It was understandable that banks held back until they received results from the ECB. But what about now?
“In the meantime, demand for credit has been improving – particularly for corporate loans in the periphery. It’s plausible that following the comprehensive assessment, banks will now have greater confidence to expand their balance sheets to meet this demand. However, given the deteriorating economic backdrop, this will likely result in loan shrinkage coming to an end, rather than robust loan growth in Europe,” analysts at Barclays added.
The main game changer though is that from November 4, the supervision of the 130 eurozone banks will be transferred to the ECB. Their chairmen will need to speak to the Frankfurt-based institution and stick to the same rules irrespective of their country of origin.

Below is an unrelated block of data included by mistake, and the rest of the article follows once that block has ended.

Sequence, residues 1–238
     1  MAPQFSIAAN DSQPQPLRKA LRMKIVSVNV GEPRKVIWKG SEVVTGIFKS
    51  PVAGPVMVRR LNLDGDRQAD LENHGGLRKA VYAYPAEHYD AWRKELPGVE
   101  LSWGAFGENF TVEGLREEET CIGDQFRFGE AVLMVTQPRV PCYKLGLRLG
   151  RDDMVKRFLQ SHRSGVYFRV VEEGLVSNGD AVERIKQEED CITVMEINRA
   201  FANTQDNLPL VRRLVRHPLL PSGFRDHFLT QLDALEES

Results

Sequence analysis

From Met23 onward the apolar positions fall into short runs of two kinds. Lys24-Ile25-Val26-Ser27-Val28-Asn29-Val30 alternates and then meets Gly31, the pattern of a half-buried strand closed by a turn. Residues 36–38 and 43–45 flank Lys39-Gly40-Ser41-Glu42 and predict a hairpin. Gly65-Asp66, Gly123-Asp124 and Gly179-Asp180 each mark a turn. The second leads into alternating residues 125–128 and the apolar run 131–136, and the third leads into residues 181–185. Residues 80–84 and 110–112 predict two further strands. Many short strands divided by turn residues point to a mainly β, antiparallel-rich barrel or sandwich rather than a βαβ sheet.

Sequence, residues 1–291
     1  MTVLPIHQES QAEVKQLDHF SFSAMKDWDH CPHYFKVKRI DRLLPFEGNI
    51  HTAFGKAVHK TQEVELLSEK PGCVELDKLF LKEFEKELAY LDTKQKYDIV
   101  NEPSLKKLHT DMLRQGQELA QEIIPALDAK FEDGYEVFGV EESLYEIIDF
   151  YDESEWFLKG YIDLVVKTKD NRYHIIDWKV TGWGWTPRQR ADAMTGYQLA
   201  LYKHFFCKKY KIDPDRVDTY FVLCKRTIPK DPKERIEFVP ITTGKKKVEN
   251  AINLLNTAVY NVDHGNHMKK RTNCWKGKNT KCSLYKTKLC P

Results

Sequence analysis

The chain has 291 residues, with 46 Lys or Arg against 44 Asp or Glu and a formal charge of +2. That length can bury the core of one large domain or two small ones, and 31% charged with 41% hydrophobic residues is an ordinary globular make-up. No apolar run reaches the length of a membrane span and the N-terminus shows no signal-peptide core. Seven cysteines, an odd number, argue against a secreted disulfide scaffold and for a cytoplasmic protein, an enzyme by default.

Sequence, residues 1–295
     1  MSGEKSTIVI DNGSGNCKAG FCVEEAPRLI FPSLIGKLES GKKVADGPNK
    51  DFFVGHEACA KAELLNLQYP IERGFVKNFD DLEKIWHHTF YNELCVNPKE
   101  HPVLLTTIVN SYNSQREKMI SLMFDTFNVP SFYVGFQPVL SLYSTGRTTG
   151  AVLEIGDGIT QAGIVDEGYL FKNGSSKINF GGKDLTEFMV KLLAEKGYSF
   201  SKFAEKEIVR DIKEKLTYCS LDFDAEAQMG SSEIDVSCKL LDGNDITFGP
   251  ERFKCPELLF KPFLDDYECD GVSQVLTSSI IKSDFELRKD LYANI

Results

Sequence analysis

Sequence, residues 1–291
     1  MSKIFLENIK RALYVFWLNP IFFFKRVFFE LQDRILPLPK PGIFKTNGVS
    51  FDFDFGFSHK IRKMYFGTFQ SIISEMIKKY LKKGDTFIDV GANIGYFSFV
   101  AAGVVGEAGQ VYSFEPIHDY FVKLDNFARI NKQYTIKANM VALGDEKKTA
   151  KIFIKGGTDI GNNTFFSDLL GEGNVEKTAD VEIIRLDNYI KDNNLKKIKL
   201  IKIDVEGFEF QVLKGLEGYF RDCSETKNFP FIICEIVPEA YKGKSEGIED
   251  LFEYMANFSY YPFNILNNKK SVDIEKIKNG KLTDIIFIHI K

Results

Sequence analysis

“This should make it easier for banks to transfer capital and funding around the eurozone and so benefit from greater economic efficiency. The biggest beneficiaries here should be the likes of ING, BNP Paribas and Unicredit. These banks have the largest amount of non-domestic eurozone lending,” according to Barclays.